AT&T May Look For Overseas Ventures To Help Grow Company
Michael Harper for redOrbit.com – Your Universe Online
According to a new Wall Street Journal report, AT&T may be looking across the pond for new cash streams. Not content with their growth potential here in the States, AT&T may be looking for companies to either buy or merge with in highly competitive Europe.
Once in Europe, AT&T is expected to take the opportunity to expand their network as well as roll out new technology and tweak their pricing strategies. Such a move follows a failed merger with T-Mobile and the entrance of a Japanese company— Softbank— into the American cellular market.
Citing sources familiar with the matter, the Wall Street Journal claims Ma Bell is in the research phase of their plans, investigating which deals they’d like to make with which companies. These people also say AT&T is looking to move quickly and should have a deal set in place by the end of 2013.
Of course, one does not simply walk into Europe and begin offering cellular service to its residents. European markets, such as those in Germany and the UK, are highly competitive and operate differently than those in the States. British iPhone users, for instance, have their choice of carrier and don’t have to purchase their Apple smartphone through a particular channel. Should they find themselves dissatisfied with one carrier, they can simply replace their SIM and take their phone elsewhere.
With so many established cellular providers in the area, AT&T’s top executives are examining the possibilities of simply buying out an existing company, though they’re also debating moving in on their own.
AT&T lost their deal to acquire T-Mobile last year, leaving them without a new carrier and several million dollars poorer. Moving their focus to Europe could help the company expand, bringing in more cash. However, should the company shift their attention elsewhere, they could lose ground to Softbank, which is working to complete their 70% buyout of Sprint.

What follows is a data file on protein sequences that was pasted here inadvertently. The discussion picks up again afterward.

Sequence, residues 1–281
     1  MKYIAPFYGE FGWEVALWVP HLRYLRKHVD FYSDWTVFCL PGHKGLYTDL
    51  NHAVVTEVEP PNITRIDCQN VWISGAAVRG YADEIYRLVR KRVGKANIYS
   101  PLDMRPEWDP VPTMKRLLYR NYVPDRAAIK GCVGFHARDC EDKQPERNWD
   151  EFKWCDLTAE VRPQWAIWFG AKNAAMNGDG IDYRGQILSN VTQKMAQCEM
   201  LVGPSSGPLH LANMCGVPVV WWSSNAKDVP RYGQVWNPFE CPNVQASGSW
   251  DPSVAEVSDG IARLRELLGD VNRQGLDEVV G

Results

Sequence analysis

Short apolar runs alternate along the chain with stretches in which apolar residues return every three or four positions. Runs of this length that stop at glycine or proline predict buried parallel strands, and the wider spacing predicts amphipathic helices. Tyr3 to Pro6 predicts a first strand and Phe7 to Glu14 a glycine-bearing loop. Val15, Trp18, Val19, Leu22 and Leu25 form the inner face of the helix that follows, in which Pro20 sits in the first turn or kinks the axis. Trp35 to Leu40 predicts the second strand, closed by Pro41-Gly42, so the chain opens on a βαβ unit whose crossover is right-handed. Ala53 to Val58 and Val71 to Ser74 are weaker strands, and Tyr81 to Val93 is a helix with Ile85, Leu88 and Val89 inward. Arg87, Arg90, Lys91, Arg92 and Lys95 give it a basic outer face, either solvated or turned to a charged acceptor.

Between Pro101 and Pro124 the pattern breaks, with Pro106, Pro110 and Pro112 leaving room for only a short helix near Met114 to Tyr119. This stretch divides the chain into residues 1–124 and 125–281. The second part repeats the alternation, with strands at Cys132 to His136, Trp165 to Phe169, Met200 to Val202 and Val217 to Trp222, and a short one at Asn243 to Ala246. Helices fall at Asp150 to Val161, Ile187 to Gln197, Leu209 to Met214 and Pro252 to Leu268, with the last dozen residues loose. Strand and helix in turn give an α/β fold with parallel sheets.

Softbank is expected to bring in more capital for Sprint, making them a more aggressive competitor. Sprint’s executives have already claimed they’ll be using some of this capital to introduce new pricing schemes in order to disrupt the current American markets.
Though WSJ’s sources have said AT&T is interested in moving to the East, they weren’t clear on which companies AT&T are currently talking with. The Netherlands’ largest carrier, Royal KPN NV, as well as Everything Everywhere, another large UK carrier, are both expected to be on AT&T’s radar, according to these sources.
At present, there appears to be a slight opening in the European markets where data is concerned. This is a hole AT&T is expected to fill and take advantage of, say the sources, earning themselves leverage before other carriers begin to broaden their data offerings.
Last June, AT&T’s CEO Randall Stephenson told his investors that an overseas expansion wasn’t out of the question, but wasn’t a “high priority” either. In this month’s issue of Texas Monthly, however, Stephenson was quoted as saying such a move would be “inevitable.”